“No point in” vs. “no point of” vs. “no point to”

Point in, point of, point to. (Point in the sense of “purpose”.) What are the differences among these — in meaning? in usage (each is used in certain constructions or with certain collocates, say)? in dialect? in register? etc.

Some examples (though I’m asking more generally than just about these examples):

(1a) There’s no point in going.
(1b) There’s no point of going.
(1c) There’s no point to going.

(2a) Is there a point in his action?
(2b) Is there a point of his action?
(2c) Is there a point to his action?

(3a) What’s the point in that sculpture’s being there?
(3b) What’s the point of that sculpture’s being there?
(3c) What’s the point to that sculpture’s being there?

Answer

There’s no “rule” here – just established idiomatic norms.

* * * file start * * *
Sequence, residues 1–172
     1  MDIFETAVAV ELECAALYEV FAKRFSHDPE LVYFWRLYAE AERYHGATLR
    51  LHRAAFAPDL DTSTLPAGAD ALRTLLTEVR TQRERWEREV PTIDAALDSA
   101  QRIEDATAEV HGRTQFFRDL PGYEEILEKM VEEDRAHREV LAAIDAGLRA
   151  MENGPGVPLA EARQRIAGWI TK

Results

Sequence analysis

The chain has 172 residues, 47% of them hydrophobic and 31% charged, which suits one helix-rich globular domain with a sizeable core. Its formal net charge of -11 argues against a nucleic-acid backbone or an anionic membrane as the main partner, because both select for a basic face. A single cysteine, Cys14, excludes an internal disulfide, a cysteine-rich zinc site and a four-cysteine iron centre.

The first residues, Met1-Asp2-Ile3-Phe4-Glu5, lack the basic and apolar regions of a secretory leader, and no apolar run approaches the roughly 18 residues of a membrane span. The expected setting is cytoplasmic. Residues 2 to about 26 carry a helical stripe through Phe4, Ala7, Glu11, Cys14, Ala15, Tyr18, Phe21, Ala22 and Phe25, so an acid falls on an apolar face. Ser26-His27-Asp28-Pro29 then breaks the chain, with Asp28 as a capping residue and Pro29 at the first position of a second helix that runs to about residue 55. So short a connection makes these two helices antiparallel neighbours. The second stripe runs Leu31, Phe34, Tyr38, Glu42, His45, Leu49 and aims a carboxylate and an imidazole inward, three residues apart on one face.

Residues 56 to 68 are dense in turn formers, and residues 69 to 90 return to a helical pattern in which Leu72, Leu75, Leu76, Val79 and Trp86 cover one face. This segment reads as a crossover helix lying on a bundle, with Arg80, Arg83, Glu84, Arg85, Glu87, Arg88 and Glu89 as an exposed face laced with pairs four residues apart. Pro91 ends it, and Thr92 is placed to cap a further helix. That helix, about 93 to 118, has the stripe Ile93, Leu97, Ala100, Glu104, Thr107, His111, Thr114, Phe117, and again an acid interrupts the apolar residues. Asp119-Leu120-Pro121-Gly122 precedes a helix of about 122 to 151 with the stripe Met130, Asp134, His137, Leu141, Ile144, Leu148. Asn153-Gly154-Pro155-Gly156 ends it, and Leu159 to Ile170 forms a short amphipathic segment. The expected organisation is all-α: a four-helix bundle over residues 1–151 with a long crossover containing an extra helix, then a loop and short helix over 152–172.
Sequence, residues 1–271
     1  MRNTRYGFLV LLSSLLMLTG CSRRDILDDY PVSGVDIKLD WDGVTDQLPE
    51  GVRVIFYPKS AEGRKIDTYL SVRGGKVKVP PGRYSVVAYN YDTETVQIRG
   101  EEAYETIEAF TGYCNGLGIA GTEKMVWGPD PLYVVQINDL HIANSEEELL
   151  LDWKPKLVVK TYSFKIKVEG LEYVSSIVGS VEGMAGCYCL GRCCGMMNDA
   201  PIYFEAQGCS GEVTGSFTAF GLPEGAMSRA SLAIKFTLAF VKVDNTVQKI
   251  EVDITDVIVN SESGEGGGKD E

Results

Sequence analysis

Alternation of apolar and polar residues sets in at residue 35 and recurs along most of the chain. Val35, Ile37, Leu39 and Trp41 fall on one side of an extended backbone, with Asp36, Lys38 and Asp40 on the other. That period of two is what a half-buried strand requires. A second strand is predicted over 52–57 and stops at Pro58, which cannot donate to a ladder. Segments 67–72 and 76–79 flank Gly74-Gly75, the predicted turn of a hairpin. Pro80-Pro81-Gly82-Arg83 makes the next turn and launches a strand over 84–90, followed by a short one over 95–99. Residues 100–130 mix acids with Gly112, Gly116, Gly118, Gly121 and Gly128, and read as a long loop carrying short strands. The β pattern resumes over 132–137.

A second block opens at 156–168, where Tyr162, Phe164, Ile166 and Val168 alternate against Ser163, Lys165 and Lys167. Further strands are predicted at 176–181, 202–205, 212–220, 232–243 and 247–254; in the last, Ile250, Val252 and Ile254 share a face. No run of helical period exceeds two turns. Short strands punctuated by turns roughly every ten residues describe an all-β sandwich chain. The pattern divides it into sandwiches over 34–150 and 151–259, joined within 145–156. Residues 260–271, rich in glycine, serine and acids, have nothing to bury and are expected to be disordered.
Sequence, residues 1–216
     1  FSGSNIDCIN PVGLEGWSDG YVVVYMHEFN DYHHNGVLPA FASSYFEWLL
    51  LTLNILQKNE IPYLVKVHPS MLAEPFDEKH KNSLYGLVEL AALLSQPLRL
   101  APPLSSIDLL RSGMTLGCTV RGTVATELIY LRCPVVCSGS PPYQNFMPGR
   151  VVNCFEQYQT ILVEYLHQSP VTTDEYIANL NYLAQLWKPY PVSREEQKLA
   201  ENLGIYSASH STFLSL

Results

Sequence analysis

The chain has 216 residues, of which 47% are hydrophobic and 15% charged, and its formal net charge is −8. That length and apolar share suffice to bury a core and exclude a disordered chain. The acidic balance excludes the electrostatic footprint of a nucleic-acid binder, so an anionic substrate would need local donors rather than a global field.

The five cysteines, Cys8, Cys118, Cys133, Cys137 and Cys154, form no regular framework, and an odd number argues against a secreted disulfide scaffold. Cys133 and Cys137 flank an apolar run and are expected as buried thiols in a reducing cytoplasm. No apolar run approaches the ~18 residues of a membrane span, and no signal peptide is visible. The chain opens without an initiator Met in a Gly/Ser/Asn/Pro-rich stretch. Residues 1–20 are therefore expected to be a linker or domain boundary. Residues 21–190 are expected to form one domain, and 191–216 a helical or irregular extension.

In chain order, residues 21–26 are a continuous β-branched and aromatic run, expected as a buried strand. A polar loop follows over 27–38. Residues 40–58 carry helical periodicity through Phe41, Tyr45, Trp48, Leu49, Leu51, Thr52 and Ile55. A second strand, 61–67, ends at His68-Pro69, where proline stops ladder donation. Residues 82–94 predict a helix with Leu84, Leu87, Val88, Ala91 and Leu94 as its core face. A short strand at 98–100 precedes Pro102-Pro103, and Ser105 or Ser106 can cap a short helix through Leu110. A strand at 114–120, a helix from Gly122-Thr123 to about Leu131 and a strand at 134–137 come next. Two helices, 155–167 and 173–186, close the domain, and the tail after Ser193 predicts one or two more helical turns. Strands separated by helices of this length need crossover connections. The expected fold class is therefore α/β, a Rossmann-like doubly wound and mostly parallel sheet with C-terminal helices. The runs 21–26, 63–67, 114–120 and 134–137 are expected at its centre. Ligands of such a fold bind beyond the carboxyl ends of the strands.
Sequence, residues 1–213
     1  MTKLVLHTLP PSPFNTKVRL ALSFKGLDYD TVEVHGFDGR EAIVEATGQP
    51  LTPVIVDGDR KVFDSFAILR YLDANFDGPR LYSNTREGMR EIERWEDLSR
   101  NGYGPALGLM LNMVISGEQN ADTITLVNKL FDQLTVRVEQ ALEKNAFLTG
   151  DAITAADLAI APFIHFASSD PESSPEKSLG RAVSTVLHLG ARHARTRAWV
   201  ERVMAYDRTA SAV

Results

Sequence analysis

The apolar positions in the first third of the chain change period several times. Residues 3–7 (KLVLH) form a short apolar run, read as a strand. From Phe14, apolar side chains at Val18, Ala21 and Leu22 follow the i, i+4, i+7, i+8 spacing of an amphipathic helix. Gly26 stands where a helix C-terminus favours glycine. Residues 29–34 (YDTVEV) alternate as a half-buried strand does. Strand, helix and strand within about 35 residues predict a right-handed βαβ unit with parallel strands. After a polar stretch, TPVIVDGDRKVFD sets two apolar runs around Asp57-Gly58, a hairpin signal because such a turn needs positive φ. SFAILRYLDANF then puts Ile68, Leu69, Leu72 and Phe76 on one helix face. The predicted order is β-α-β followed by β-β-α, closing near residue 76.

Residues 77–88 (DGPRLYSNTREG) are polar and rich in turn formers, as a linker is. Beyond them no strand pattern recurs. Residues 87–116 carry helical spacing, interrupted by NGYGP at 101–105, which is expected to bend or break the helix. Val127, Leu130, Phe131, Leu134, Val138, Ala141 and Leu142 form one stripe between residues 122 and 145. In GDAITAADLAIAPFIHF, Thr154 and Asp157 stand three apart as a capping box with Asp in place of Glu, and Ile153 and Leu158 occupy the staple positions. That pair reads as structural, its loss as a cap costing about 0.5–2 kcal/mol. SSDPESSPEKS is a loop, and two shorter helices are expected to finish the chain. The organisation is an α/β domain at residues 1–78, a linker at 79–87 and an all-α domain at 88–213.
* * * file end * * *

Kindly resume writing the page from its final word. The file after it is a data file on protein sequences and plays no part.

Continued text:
1a – There’s no point in going. (most common)
1b – There’s no point of going. (non-standard)
1c – There’s no point to going. (sometimes acceptable)

2a – Is there a point in his action? (often acceptable)
2b – Is there a point of his action? (non-standard)
2c – Is there a point to his action? (most common)

3a – What’s the point in that sculpture’s being there? (often acceptable)
3b – What’s the point of that sculpture’s being there? (most common)
3c – What’s the point to that sculpture’s being there? (sometimes acceptable)

(Most speakers would drop the apostrophe+s on the last three.)

Attribution
Source : Link , Question Author : msh210 , Answer Author : FumbleFingers

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